However, licence fees in all South Australian commercial fisheries are based on an activity-based cost-recovery model, or user pays if you like, where the costs associated with managing a fishery are distributed among the fishery's licence holders. The former Liberal government instigated the reform of the marine scalefish fishery, and that reform fundamentally changed the structure and management of South Australia's marine scalefish fishery.

One of the key results of the reform was the implementation of individual transferable quotas for four key species, being calamari, garfish, snapper and King George whiting. Another major part of the former government's reform was a $22 million commitment to encourage the voluntary surrender of up to 150 South Australian commercial marine scalefish fishing licences. Ultimately, 100 licences were surrendered through that process.

As part of the reform package announced by those opposite, indeed, when they were in government, funding of $2.51 million went to support management services and constrain individual licence fee increases to CPI only for a four-year period, the transition period from 2021 through to 2023-24, and that was while new arrangements were worked through. This is separate to other fee relief measures, such as those that came about from the initial and then ongoing closure of the snapper fishery in the West Coast, Spencer Gulf and Gulf St Vincent zones. Fee relief remains until 2026 for licence holders who hold snapper quota in the current closed fishing zones.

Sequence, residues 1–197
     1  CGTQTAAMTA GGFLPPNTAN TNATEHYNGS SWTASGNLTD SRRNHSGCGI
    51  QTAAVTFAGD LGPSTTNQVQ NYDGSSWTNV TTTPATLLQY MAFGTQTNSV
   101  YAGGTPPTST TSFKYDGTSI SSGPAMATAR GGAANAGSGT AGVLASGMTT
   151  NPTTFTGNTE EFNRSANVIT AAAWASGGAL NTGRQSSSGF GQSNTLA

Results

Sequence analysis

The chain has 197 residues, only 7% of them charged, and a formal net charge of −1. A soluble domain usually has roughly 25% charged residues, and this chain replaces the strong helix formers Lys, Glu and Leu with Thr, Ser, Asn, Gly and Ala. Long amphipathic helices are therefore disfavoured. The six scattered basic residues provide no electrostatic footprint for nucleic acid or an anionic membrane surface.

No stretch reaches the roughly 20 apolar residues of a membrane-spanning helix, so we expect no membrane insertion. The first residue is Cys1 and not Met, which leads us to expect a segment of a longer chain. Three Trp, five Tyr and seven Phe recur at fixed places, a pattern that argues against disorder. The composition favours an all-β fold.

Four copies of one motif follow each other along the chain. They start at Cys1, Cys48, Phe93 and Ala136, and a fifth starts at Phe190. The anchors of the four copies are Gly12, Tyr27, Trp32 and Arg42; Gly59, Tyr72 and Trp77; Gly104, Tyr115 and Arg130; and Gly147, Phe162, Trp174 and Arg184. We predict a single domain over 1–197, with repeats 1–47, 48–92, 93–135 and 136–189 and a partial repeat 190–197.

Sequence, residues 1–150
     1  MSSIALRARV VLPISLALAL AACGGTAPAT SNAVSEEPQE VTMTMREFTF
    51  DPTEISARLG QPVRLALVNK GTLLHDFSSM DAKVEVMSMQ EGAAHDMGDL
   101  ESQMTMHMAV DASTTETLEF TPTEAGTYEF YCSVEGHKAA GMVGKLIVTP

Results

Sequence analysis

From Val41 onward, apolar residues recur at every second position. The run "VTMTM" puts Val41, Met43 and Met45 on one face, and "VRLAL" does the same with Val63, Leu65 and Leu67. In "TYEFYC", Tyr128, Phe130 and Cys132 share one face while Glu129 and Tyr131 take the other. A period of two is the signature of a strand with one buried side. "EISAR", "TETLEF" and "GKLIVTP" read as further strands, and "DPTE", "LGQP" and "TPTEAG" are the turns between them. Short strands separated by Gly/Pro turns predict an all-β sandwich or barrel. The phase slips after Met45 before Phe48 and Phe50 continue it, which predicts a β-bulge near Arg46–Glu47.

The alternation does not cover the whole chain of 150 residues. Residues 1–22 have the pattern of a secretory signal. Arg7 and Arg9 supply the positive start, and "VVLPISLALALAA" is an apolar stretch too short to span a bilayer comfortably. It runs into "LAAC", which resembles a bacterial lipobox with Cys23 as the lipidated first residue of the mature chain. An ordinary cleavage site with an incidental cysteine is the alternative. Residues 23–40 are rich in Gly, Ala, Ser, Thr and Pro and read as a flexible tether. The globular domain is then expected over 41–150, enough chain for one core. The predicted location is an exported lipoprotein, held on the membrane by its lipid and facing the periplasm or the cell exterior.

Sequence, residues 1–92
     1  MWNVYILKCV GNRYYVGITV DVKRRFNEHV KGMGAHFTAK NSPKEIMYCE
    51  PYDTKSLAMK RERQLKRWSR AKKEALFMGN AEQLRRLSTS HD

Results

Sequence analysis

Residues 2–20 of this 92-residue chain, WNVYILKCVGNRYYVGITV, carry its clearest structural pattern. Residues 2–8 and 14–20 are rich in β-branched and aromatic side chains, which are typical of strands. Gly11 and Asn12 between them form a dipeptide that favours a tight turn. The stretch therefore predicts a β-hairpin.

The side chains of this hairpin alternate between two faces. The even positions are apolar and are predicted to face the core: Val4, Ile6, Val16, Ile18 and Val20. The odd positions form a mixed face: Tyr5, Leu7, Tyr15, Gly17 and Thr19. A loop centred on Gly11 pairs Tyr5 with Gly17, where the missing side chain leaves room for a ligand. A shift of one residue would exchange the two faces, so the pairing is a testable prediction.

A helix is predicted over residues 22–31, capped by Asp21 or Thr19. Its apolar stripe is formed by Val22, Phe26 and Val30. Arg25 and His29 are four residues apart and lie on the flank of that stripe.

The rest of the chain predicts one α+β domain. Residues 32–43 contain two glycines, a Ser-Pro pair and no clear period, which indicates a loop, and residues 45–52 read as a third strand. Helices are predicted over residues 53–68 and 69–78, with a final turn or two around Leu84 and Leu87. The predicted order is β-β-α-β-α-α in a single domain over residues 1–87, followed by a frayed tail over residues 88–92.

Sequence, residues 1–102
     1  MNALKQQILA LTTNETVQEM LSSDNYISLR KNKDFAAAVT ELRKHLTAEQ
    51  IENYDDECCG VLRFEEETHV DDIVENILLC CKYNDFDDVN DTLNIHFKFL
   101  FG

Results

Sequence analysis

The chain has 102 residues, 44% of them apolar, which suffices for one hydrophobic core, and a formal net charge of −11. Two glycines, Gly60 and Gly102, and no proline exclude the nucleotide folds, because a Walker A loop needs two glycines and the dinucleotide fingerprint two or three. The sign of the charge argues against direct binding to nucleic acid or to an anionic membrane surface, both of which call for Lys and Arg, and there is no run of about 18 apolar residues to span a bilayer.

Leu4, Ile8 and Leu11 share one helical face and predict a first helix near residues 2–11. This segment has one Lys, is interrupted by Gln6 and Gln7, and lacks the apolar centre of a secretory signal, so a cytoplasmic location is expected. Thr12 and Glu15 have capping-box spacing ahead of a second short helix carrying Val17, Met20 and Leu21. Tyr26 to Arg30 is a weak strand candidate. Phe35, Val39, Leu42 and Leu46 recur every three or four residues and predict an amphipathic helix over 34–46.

The process up to this point is rolling out as intended by the former Liberal government, knowing that, once those 100 surrendered licences were no longer subsidised, there were going to be inevitable changes to the licence fee system and structure as the cost of compliance and services were spread between fewer licence holders.

We know that the former government came under significant criticism for its handling of the reform, particularly the former minister's handling of the exceptional circumstances cases, and our government has worked towards the finalisation of the reforms that we inherited from those opposite. Ultimately, the 202 licences that are now in the marine scalefish fishery, and other fisheries with access to MSF, have a wide range of ability to access the resource. Some have large quantities of quota and some have very little. I cannot imagine surely that those opposite are suggesting that a licence holder with 10 units of quota should pay the same fees as someone who has access to 100 units.